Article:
Monday, May 18, 2009

Seduced and abandoned

In days gone by (any time before the current recession), the shopping cart was a customer’s rolling possession holder, containing all the selections that were as good as bought and paid for. With its vertical bars, the cart gave off a warning to other shoppers to keep out, contents contained within this high-security traveling metal fencing are “my stuff.” At the same time, each product placed within the cart represented the shopper’s (almost) solemn commitment to purchase—nothing would leave the cart until checkout. Sure, once in a great while you might see a vaguely embarrassed customer beg off an item at checkout—to the tsk-tsks, tut-tuts and clucking sounds of others in the queue, a chorus of muses who sensed some important cosmic code of shopping conduct had been violated. But mostly, the mighty mobile fortress simply served as the shopper’s purchase conveyance until their items could be taken out to the parking lot and put in the car.

No more. In a recent study we did for a large retail chain, upwards of 500 items were abandoned every day in each of the stores we were in, relegated to a corral of carts in the corner whose sole purpose was to house these rejected products (looking rather forlorn, anthropomorphically speaking, like abandoned puppies at a shelter). A cottage industry sprang up in the stores to sort and re-stock these “re-shops”—a thankless, never-ending task for the associates. Clearly, customers had exploded the idea that moving an item from the shelf into their cart represented any kind of implied purchase agreement.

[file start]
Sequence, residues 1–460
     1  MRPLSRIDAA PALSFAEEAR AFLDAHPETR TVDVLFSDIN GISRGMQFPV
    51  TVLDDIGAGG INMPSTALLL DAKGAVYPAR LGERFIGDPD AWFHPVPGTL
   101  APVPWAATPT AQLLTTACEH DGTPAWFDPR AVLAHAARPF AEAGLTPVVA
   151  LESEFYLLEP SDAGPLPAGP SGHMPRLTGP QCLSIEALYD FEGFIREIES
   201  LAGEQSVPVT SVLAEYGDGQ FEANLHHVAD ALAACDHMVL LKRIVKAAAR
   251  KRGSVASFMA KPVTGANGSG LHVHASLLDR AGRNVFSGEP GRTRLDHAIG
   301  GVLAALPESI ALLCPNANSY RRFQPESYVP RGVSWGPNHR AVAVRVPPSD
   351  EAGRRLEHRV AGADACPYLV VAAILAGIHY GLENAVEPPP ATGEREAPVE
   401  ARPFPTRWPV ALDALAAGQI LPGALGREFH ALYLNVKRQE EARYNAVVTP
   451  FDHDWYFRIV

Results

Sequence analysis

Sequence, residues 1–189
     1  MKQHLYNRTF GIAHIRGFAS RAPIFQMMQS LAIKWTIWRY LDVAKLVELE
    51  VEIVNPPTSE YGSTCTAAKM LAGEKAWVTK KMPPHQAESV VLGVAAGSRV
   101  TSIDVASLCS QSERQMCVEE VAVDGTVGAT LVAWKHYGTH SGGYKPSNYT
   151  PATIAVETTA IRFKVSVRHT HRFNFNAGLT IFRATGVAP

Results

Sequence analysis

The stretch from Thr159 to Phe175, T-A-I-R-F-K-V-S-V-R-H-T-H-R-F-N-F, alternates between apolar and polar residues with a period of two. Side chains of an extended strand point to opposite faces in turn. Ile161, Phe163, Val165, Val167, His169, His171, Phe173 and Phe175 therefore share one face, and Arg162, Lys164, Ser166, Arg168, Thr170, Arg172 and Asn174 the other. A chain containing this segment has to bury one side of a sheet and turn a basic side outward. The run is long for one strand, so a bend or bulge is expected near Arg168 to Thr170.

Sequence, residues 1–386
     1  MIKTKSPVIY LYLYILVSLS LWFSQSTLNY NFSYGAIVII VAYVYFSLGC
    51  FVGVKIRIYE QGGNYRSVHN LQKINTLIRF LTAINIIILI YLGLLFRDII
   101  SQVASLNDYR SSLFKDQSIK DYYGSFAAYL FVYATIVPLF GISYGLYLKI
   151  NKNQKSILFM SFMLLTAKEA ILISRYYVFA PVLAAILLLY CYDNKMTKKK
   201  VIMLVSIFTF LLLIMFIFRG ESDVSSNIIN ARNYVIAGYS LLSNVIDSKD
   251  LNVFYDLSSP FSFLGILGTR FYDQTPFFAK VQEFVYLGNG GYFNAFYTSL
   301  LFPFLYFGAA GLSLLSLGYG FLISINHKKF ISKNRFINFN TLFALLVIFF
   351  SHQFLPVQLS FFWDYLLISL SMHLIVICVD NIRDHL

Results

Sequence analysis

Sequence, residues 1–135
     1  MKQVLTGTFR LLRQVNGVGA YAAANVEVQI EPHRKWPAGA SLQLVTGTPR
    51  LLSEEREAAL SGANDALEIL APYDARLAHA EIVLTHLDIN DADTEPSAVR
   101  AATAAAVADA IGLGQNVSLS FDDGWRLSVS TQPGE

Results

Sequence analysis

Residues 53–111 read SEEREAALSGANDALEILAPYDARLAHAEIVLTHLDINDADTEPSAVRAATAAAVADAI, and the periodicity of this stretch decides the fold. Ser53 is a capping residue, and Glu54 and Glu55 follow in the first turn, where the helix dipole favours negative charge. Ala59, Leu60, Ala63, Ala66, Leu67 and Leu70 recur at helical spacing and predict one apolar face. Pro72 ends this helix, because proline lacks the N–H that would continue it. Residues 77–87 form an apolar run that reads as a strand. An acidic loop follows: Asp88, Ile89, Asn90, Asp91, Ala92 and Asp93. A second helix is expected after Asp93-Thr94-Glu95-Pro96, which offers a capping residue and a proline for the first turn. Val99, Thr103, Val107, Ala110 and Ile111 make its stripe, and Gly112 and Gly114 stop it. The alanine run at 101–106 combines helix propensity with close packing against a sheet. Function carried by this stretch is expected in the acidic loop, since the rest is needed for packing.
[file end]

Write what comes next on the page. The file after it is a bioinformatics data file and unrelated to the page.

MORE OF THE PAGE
Yesterday’s New York Times featured an article on abandonments in the online shopping world, highlighting a new web service which remarkets to those who might put an item in their electronic “cart,” but not finish the transaction. It’s an interesting approach to nudging people to re-consider, but certainly loaded with complications, not the least of which is the highly intrusive annoyance factor.

Perhaps the customer contract in bricks-and-mortar retailers will be re-initiated, and shoppers will once again follow the age-old Cafeteria Rule—take all you want and eat (buy) all you take. Or we may be witnessing something that has already changed forever—good or bad economy notwithstanding—the cart as nothing more than a carriage of considerations.
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